By Ridley’s day, Rome had given up the ancient and Biblical doctrine of grace and when the Reformer was called before his papist persecutors, one of the first doctrines they condemned was his belief in election and predestination as witnessed in the work formerly called Ponet’s Catechism, published in 1553. Ridley was charged with authoring the work but instead of merely denying this to save his life, Ridley said that he had read and used it and consented to its teaching. Alexander Nowel extended the catechism for the Elizabethan Church and since then it has been referred to as Nowel’s Catechism.5 Toplady calls the catechism’s teaching, (sponsored by the same committee who produced the Anglican Articles of Religion), ‘the highest Calvinism’. He finds all his favourite doctrines in it, including Justification from Eternity which choice doctrine Toplady shared with his friends the Particular Baptists.

Ridley’s industry for the Word of God and the spread of learning is illustrated by his brief pastorates at Herne and Soham where his preaching drew in many former absentees. Indeed, Foxe tells us that wherever Ridley went, the people ‘swarmed around him like bees’ to hear his preaching. In his diligence to see that the underprivileged were given the opportunity of education, he raised scholarships and founded no less than sixteen grammar schools. He also distributed thousands of free New Testaments. Furthermore, he pioneered social help for the poor whom he classified into three kinds. The first group were ‘poor by impotency of nature’ and included fatherless children, old, decrepit people, idiots, and cripples. Ridley transformed Grey Friars’ Church into a hospital and school for their maintenance and education. The second group were those ‘poor in faculty’, such as the sick and invalid, wounded soldiers and those brought low by no fault of their own. For these poor persons, Ridley begged St Bartholomew’s near Smithfield from the King. Though Ridley’s third group were those who were poor through squandering their money or idleness, he still felt it a Christian duty to care for them and assist them to re-enter society as thrifty, industrious citizens. For this purpose, Edward gave Ridley his own ancient mansion Bridewell. Edward’s words to Ridley on hearing a sermon of his on his royal need to care for the poor have been preserved. The kind King told his friend and mentor:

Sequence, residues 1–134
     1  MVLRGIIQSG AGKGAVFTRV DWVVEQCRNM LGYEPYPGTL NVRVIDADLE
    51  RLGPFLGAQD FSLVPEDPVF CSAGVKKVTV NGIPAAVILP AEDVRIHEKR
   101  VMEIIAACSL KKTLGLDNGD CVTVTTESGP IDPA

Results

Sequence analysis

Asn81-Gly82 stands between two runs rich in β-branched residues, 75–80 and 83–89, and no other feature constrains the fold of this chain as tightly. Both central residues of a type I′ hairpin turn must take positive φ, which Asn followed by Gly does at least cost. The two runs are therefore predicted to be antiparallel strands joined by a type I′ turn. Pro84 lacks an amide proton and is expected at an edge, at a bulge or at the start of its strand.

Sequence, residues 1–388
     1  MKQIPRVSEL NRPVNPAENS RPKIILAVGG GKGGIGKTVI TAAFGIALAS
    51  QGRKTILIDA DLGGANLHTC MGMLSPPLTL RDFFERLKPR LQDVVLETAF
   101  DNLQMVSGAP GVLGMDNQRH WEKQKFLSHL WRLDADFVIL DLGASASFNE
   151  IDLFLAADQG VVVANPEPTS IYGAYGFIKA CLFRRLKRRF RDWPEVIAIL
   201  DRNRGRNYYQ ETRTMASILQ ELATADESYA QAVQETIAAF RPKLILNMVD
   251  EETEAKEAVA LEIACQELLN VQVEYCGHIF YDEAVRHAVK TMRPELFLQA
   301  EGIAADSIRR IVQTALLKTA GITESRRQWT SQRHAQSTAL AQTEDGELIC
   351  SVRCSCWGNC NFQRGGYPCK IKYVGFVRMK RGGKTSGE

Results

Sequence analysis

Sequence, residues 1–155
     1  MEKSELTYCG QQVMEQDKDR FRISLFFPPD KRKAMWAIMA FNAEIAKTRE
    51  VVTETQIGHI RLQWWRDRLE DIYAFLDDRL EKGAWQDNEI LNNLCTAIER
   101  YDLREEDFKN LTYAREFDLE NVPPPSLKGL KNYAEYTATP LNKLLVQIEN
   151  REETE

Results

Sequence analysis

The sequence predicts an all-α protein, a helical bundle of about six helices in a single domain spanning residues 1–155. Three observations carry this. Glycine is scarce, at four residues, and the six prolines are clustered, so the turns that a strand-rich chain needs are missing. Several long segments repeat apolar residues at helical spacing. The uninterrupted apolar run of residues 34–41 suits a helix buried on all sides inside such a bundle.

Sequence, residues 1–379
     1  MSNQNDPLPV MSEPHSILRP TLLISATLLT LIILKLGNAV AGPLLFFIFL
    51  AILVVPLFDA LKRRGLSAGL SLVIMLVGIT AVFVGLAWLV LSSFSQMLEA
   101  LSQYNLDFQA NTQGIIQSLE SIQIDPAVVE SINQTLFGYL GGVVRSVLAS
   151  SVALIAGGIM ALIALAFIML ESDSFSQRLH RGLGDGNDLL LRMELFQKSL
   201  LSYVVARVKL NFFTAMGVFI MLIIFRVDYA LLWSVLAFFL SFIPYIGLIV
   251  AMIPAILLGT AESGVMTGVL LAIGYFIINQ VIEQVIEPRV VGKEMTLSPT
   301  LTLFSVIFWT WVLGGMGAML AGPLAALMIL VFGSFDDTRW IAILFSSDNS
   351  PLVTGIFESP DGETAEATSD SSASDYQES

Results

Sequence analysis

I took myself to be especially touched by your speech, as well in regard of the abilities God has given me, as in regard of the example which from me He will require; for as in the kingdom I am next under God, so must I most nearly approach Him in goodness and mercy; for as our miseries stand most in need of aid from him, so are we the greatest debtors – debtors to all who are miserable, and shall be the greatest accountants of our dispensations therein; and therefore, my lord, as you have given me, I thank you, this general exhortation, so direct me (I pray you) by what particular actions I may this way best discharge my duties.

Blessed England to have had such a King and blessed Edward to have had such a mentor!

Diverse negative comments on Ridley’s comments analysed

Apart from quoting Ridley’s numerous recommendations of Ponet’s Catechism, Toplady lists many indications of Ridley’s Calvinism culled from his works. These include his teaching on election, predestination, atonement, the immutability of God towards His adopted children, the perseverance of the saints, the Providence of God and the necessity and efficacy of Divine influence.

Most strange in David Gay’s denunciation of Ridley is that he never considers his doctrines as being essential to the Reformation and which thus mark Ridley out as a Reformer. Rather, Gay attacks Ridley for not accepting church practices which Gay believes were introduced by Andrew Fuller in 1785. Equally odd is that on the page where Gay tells us that Fuller rescued true religion from the dunghill of his predecessors, he complains that Latitudinarianism was still raising its rampant fiendish head in the Church of England. Now if we are looking for men totally void of Latitudinarianism, we must go to such as Ridley whom Gay denigrates. Yet nobody incorporated undiluted Latitudinarianism as much as Fuller whom Gay apparently views as the great Reformer of true religion.